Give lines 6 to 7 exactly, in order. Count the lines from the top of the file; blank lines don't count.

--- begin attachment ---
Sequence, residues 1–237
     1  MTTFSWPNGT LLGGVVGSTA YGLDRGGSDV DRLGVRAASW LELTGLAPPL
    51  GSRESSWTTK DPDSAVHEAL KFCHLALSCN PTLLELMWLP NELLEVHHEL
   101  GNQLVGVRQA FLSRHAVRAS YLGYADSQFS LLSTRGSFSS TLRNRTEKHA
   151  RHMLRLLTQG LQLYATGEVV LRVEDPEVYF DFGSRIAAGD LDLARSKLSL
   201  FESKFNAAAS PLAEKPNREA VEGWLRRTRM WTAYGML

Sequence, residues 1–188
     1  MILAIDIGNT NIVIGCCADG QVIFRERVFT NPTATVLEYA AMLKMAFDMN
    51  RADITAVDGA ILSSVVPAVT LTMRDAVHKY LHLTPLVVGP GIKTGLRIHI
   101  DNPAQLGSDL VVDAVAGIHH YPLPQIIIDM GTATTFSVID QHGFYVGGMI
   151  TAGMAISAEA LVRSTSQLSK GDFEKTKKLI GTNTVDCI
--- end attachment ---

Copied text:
   201  FESKFNAAAS PLAEKPNREA VEGWLRRTRM WTAYGML

Sequence, residues 1–188